107 – Krull

Ken Marshall wields the Glaive in Krull (1983)
literally who cares what this thing is called shut the hell up

Mike Rosen returns to fight Tim on the merits (or lack thereof) of cult 80s sci-fantasy film Krull! Jen moderates to the best of her ability!

Krull hit screens in 1983 and failed to make its money back, although it is beloved by the kind of people who liked Ready Player One.

For exhaustive contemporary coverage of Krull, visit the Internet Archive’s scanned copy of Starlog issue 76, from November 1983.

Special effects makeup artist Nick Maley seemed to enjoy making the film, judging by his reminisces.

One valiant effort to market the movie: Krull-themed weddings! To our knowledge, none of the brides or grooms have come forward to admit to their participation. But it’s hard to see how the movie missed with marketing concepts this good:

One [marketing gimmick] suggests approaching the local bakery about creating special pastries in the shape of the Glaive and dubbing them the punny ‘Krullers’. “Everyone knows what a cruller is…a tasty glazed donut. Now comes the Kruller…a tasty Glaived donut.

Tim Kirk via The Moving Arts Film Journal

For another fantasy misfire and more of guest Mike Rosen, try our episode on Ron Howard and George Lucas’s Willow!

106 – Planet of Storms

Still frame from Pavel Klushantsev's Planet of Storms (1962)

Tim and Jen return to Soviet filmmaker Pavel Klushantsev’s optimistic world of space exploration for 1962’s Planet of Storms! Hear the full episode on Patreon for a pledge of as low as $2/month and get access to all our other bonus content.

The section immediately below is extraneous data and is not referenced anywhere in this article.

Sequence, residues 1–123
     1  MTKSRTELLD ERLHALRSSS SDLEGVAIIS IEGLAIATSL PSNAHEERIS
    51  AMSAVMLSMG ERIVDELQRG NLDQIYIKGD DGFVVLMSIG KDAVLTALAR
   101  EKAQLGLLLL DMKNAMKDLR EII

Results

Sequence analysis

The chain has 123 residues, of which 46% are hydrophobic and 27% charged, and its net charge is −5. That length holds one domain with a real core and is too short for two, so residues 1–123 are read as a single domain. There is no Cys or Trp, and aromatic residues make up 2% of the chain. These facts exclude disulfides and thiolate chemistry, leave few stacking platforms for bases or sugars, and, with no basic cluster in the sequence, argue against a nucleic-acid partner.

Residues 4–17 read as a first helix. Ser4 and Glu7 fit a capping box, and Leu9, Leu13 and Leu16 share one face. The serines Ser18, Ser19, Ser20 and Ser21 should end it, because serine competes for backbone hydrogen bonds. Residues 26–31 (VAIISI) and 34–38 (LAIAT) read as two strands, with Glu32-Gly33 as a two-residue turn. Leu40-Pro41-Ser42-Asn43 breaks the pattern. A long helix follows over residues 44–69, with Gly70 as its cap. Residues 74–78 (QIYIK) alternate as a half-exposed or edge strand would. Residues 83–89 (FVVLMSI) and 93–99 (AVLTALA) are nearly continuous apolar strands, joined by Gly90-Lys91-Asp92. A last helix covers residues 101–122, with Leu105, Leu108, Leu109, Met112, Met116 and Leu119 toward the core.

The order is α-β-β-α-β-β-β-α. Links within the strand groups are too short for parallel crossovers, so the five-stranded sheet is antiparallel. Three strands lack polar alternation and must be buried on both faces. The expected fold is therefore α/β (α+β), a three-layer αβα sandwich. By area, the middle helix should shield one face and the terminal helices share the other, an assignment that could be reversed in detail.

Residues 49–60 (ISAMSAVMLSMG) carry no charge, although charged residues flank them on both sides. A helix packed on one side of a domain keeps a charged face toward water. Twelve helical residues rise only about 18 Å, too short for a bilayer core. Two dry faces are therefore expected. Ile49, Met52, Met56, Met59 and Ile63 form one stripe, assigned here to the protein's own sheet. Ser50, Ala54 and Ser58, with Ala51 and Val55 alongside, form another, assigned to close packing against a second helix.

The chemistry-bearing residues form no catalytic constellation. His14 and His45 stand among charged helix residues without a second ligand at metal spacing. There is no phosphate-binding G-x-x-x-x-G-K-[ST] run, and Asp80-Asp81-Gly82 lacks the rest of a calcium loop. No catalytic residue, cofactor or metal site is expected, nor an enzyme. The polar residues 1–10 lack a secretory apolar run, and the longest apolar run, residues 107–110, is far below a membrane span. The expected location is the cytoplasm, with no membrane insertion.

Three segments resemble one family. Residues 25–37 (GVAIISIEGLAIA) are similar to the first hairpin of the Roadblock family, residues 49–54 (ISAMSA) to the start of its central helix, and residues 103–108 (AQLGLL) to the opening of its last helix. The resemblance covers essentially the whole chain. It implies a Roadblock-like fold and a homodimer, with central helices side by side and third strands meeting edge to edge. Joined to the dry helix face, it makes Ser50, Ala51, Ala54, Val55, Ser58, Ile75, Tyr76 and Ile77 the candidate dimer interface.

The original film is available on YouTube with English subtitles. If you’re curious about the 1955 Disney short Man in Space, you can watch it here, but you won’t actually learn much about the historical origins of rocketry.

See photos of the actual Venusian surface captured by some of the unfortunate Soviet probes we mentioned.

If you missed our Road to the Stars episode, listen to it here!

ERRATA: Jen speculates in the episode about the reason for the lack of cultural impact the film made in the United States. It turns out there’s a good reason. Planet of Storms didn’t arrive in the US in official, unadulterated home video form until some time in the 90s. As we mentioned, the film was cannibalized for two different American productions. One was Voyage to the Prehistoric Planet, with new footage directed by eventual New Queer Cinema trailblazer Curtis Harrington. The other, as we mentioned in the episode, was Voyage to the Planet of Prehistoric Women. They both suck.

105 – The Astrologer

Jen and Tim are astounded by one of the most pompous auteur statements ever made— Craig Denney’s The Astrologer from 1976! Hear the whole episode over at our Patreon for a pledge of as little as $2/month, and get access to all our other bonus content as well!

More on The Astrologer (1976)

The Astrologer had a theatrical run from at least 1976 through part of 1977, but was considered lost for many years. It eventually resurfaced in 2021 on YouTube. Paramount appears to have a copyright claim on the picture (amazing that they’d even want it), but that doesn’t mean it can’t be seen if you know where to look.

The story of auteur Craig Denney is as mysterious as it is surprising. Jim Vorel has a good rundown at Paste Magazine. Long story short, Denney made a bold play for notoriety, only to disappear sometime in the 80s. No one knows when he died, if he’s actually dead, or even his real birthdate! And that’s just the start of the confusion! From the article:

Denney’s friend and associate Arthyr Chadbourne (who plays business manager Arthyr in the film) has disputed these figures, suggesting instead at L.A. screenings/Q&As that Denney was notorious for exaggeration and self-aggrandizing. As Chadbourne reportedly said then, “Craig was wonderful with hype. Everything was millions … you should read some of the things we used to send out to investors.”

Jim Vorel, Paste Magazine

Vorel’s article draws from this well-researched piece by Sean Welsh over at Matchbox Cine. Did Craig Denney fake his death? Where the hell did he get all his money? Which of his claims about his life were true? Was he even as successful as he claimed he was?

If you’re curious about our allusion to Romeo & Romeo, check out our episode about possibly the greatest addition to queer cinema in the last twenty-five years.